My aches were finally ebbing away, and I hoped that was the end of them. We were headed for the equator – the actual equator where everything goes weird. Our team leader, Mark Sherman, kept telling us about when he had gone to visit the equator. He told us that the tour guides would take us through all these real interesting sights, showing us floating eggs and nails standing on end. Sounded neat.
The bus squeaked to a stop only after we had passed a Kentucky Fried Chicken and a host of other markets and shops dotting the sidewalk. The parking lot was hardly full, only a handful of cars and one other bus in the far corner. We unloaded and stood around as they locked up our belongings in a hold on the side of the bus, right underneath the sign for “El Cisne de la Maria.”
I turned my eyes west and saw a massive building with a metal ball on top. Must have been the world. Mark Sherman bought the tickets for us and we headed inside to look around. A painted line ran up the pathway to the building.
Steven and Brian both stood with one foot on each side of the line. “Hey, look at us! We're standing on both sides of the equator!” Somebody laughed.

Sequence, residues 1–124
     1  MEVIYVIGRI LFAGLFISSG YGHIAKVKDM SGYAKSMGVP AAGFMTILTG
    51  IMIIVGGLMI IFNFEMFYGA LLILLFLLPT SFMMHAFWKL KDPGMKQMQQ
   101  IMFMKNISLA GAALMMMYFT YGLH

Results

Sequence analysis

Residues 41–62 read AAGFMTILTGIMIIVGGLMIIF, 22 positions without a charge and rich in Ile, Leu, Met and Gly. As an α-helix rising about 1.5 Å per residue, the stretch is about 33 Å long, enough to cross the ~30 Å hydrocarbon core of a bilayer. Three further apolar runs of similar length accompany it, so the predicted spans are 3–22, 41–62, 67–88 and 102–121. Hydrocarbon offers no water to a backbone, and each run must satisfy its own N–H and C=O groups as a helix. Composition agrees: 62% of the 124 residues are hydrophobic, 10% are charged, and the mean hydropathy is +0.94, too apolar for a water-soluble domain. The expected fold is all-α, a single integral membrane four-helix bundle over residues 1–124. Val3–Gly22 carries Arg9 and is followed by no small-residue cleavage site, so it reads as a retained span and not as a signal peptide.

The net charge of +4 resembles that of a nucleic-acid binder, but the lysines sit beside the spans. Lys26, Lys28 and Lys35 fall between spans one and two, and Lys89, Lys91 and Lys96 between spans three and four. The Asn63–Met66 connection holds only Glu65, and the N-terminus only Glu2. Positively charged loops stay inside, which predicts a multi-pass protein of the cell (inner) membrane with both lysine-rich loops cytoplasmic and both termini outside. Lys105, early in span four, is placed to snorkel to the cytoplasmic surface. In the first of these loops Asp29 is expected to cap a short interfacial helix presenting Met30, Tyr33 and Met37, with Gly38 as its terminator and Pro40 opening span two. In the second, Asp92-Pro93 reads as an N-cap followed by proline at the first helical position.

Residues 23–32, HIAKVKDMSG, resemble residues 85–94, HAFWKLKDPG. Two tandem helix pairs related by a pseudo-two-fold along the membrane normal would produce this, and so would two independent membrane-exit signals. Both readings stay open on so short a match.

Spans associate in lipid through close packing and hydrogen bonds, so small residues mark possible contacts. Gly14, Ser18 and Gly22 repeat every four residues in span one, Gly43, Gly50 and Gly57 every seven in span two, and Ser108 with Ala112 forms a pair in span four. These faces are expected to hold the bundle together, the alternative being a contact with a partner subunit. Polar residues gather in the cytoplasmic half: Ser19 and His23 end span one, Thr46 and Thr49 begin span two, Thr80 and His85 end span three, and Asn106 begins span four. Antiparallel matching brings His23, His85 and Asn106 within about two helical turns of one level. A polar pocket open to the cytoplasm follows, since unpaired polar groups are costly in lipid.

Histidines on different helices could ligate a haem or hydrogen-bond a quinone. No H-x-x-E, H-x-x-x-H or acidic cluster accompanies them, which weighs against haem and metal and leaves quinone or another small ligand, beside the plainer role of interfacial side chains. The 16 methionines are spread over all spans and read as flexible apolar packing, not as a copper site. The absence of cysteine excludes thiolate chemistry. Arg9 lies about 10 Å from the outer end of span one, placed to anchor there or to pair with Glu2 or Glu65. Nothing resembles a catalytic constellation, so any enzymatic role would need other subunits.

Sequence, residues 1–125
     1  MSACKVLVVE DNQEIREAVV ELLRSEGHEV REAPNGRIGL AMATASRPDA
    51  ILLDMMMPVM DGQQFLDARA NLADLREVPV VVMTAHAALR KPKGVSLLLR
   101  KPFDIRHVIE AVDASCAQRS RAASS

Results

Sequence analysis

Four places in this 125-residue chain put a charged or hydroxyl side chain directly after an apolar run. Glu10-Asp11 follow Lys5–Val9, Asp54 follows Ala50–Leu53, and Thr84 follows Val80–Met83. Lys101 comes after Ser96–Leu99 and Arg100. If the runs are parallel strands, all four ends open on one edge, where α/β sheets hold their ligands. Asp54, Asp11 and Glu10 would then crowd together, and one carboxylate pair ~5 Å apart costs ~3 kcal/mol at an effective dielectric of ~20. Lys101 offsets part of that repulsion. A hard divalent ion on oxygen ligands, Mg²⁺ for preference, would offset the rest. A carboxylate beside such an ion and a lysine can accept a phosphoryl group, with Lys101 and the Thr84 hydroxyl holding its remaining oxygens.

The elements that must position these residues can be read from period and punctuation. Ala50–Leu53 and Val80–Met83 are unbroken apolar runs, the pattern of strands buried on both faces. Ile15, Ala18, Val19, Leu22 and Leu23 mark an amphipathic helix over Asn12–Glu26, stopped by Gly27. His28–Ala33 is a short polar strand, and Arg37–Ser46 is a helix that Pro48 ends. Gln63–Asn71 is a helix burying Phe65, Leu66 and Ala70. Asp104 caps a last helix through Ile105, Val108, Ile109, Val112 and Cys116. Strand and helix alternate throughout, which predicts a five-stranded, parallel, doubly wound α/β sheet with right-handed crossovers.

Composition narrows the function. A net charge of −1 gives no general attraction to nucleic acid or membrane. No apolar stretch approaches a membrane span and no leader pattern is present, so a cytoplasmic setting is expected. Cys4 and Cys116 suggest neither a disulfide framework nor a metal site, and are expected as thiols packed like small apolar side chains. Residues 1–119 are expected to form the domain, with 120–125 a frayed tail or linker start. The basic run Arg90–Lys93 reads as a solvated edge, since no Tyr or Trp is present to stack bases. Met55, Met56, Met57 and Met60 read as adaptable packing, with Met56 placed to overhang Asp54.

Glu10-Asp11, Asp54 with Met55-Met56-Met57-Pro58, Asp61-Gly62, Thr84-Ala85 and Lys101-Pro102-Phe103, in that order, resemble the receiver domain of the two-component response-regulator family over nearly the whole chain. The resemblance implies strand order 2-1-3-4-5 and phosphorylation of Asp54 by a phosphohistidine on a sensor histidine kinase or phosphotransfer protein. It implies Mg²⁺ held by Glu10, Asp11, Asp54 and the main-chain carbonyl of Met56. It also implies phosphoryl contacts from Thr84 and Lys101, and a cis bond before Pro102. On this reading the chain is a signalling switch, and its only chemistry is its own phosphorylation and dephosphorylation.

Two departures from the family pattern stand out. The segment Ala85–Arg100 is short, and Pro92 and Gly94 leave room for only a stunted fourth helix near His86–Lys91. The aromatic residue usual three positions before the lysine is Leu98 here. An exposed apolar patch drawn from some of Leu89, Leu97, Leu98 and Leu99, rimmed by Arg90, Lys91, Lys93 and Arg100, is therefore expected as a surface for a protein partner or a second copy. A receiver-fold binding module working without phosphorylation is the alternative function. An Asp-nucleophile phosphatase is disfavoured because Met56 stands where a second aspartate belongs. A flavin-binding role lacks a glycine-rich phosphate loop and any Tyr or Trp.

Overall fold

My head started to hurt again as I stepped nearer to the building. It rose up in front of me, casting a long shadow over my face. I wandered around the side of the building and saw steps leading up to a walkway that must have gone all the way around. I made a move for the steps, but felt a sharp pain rip through my gut.
Other people on the team had started feeling sick a couple days ago. Now here I was, feeling gross on the last day while everyone else felt great and chipper.
The rumbling in my stomach churned and told me with more and more urgency that I needed to find a bathroom. Quick. My eyes scanned the signs – they were blurring a little now. I shook my head, trying to clear the thoughts jarring together inside. What was bathroom in Spanish? I saw the signs on a few pink stucco buildings and stepped toward them. Leaning my head forward, I squinted until I could read the one closest to me: Los Baños. Duh. Bathroom was baño in Spanish.
I hurried through the door and found a stall on the farthest end. The toilet paper roll was on the outside of the wooden door, so I grabbed a nice handful and stepped inside. Previous visitors had taken some time to carve a few messages in Spanish into the wood, but all of them were hard to make out, especially with my head swimming through its own muck. A horrible smell crept up from the bowels of the toilet. I didn't want to sit down, but I had to. The pain in my stomach commanded the show now. And it only said one word: SIT.